3 fishermen had to fend off swarming sharks but were rescued 'just in the nick of time' after their boat sank in the Gulf of Mexico, US Coast Guard says
- Three fishermen were saved from swarming sharks by the US Coast Guard.
- They were treated for shark bites and hypothermia after their boat sank in the Gulf of Mexico.
The US Coast Guard rescued three fishermen stranded in the Gulf of Mexico after their boat sank and they were stalked by "swarming sharks."
The Louisiana men, Son Nguyen, Phong Le, and Luan Nguyen, had to fend off sharks to survive for 24 hours adrfit at sea.
The Coast Guard said they were "rescued just in the nick of time."
According to a Facebook post by the Coast Guard, their rescue team searched more than 1,250 square miles before locating them after their boat sank, clinging to ice boxes.
"All three men had been fending off hypothermia and swarming sharks for over 24 hours, and time was running out," the Coast Guard said on Facebook.
A statement from the US Coast Guard said that the men were treated for shark bites and hypothermia. All three were taken to the University Medical Center in New Orleans.
Detailing the injuries to NBC's Today, Lt. Katy Caraway, US Coast Guard Air Station New Orleans co-pilot, said the men "had multiple lacerations on their hand, almost down to the bone, indicative of a shark bite and serrated edges indicative of a shark's tooth puncturing their hands."
The trio was saved when one of them found some cell service in the middle of the ocean.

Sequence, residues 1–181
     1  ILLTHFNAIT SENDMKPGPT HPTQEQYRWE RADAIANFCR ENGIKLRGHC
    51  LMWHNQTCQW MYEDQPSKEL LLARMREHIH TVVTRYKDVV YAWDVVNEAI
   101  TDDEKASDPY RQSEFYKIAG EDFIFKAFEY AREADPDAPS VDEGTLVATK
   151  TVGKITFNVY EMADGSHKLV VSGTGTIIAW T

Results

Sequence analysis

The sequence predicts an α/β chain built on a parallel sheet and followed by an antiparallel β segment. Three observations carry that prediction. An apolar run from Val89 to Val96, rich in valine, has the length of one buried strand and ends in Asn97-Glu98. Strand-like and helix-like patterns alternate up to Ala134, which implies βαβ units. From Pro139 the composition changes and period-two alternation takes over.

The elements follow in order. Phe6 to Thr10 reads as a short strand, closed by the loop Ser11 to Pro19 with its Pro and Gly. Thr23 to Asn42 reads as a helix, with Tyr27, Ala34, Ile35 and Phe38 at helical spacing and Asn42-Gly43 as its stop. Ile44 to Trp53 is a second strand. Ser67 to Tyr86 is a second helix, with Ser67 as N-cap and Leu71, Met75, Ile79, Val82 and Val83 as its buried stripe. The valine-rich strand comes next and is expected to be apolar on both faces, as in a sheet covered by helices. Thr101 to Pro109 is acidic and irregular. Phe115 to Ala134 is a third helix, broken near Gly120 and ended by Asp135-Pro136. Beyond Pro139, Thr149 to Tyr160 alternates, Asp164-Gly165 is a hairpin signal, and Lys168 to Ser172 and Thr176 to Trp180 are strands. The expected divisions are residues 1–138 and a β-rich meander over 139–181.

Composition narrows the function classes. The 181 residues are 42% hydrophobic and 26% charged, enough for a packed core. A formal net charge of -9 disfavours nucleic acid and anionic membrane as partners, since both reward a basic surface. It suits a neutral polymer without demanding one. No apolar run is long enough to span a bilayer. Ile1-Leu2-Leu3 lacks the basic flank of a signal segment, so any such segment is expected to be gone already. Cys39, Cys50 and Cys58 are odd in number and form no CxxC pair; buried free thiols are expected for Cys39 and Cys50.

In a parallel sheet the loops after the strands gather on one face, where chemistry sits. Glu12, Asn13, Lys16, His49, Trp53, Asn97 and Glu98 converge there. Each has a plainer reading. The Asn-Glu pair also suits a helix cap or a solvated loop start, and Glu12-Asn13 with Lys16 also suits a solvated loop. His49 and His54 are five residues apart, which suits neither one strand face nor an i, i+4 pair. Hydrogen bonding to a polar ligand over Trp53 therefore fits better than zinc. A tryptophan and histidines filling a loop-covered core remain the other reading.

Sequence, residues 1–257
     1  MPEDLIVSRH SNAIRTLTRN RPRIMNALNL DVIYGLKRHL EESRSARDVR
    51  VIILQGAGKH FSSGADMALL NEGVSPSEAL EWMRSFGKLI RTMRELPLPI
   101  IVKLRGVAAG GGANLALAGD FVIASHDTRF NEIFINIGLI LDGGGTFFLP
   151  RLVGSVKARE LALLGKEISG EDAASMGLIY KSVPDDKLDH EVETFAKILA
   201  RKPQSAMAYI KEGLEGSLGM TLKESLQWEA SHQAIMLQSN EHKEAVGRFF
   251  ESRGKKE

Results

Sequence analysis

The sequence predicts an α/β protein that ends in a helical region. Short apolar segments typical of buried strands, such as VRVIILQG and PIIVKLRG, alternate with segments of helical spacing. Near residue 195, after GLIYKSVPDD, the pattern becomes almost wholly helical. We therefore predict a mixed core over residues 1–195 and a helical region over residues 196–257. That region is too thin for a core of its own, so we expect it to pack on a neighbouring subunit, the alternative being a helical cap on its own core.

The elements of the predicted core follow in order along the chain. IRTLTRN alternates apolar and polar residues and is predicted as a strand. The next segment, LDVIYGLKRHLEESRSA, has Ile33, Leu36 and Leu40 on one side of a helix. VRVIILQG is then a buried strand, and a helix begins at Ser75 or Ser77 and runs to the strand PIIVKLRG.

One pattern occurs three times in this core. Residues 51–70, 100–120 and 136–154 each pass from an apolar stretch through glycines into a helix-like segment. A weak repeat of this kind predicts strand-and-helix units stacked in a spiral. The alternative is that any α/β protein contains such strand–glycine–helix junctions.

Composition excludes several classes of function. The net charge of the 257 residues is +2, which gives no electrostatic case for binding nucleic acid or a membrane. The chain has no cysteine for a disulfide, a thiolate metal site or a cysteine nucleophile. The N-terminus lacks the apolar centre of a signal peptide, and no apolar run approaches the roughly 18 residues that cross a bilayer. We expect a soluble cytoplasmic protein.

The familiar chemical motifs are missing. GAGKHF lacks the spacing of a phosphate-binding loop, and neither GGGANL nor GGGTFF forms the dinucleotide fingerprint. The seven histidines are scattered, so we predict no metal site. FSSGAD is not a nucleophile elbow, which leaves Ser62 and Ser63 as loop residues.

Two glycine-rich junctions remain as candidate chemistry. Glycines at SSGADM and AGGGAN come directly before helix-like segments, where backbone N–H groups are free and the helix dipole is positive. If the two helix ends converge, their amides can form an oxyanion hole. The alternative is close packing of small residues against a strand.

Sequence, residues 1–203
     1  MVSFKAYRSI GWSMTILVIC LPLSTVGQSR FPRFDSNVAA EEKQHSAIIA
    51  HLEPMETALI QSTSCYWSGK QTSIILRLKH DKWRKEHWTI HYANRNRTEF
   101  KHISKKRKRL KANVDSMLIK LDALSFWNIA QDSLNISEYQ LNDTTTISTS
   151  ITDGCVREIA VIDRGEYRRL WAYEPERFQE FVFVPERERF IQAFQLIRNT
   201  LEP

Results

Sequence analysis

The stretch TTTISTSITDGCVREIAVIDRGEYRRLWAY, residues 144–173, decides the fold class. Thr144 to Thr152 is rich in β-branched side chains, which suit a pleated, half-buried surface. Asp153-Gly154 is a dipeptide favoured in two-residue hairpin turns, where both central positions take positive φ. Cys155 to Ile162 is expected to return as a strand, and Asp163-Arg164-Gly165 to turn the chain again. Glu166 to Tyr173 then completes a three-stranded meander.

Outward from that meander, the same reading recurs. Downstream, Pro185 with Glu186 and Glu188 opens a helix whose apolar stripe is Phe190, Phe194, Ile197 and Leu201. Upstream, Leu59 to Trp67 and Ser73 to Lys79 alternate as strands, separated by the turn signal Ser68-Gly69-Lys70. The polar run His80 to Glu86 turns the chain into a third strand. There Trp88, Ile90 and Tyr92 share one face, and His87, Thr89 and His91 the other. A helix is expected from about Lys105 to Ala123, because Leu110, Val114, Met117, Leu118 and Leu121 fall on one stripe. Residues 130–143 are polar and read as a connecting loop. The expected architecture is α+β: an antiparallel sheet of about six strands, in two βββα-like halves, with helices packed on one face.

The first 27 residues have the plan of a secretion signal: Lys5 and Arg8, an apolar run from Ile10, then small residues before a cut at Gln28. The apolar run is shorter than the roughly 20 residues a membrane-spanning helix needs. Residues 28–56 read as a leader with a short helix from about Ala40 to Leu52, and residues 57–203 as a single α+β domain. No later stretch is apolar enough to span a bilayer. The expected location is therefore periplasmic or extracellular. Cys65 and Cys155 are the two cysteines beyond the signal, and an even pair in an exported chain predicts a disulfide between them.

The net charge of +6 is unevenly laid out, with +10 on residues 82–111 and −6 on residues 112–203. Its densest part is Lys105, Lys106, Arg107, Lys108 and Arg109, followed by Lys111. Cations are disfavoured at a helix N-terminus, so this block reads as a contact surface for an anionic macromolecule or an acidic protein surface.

With just 2% battery remaining, the struggling seaman was able to send "a screenshot of an Apple Maps picture with his geolocation in it to his friend, but no information as far as his [precise] position," Lt. Commander Kevin Keefe told The Washington Post. "So we were basically just looking at a map with a red dot on it," he said.
Despite the improbability of finding the men with such little information, a moment of joy flooded the Coastguard search and rescue helicopter when they saw the men floating in the ocean who were fending themselves from four-feet-long blacktip sharks, according to The Post.
Caraway described the mission as an "extraordinarily fortunate, once-in-a-lifetime search-and-rescue effort." She told The Post: "There is no clear way to quantify how many of these missions are successful and how many aren't, but I would say that this one is pretty special not only because it was successful but because the likelihood of finding them was probably very small."
Lt. Commander Kevin Keefe told Today: "It's difficult for us to describe how lucky they were that all these things happened in their favor and ultimately, we were able to rescue them."
- Discover what's new in iOS 17: Your ultimate guide to the latest features
- Hyderabad-based ethnic retailer Sai Silks Kalamandir IPO subscribed 4.4x
- After JP Morgan, Indian bonds set to enter other global bond indices; capital raising for infra push to get a boost
- 10 calcium-rich foods to ward Off calcium deficiency
- Amazon introduces next-gen of Echo smart devices with new-age AI